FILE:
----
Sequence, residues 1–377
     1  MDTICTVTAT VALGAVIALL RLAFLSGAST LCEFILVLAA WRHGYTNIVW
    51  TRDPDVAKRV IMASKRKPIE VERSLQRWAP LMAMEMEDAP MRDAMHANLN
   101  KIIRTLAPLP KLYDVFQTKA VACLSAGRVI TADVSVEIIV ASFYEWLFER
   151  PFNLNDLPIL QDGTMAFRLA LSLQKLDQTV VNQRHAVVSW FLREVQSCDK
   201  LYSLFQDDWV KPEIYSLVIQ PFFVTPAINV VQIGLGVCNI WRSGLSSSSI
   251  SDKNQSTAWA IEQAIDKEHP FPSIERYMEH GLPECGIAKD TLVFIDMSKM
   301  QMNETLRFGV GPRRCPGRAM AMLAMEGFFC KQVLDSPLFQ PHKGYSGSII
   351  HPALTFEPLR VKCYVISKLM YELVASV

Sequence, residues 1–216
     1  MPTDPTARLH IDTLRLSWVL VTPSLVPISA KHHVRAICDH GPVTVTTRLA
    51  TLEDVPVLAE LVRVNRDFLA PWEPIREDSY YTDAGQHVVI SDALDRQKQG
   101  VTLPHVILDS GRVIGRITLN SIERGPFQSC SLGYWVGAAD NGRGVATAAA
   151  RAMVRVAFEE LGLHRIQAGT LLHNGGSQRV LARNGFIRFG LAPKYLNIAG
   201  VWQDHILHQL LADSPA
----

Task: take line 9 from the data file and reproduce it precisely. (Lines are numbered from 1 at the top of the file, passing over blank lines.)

   351  HPALTFEPLR VKCYVISKLM YELVASV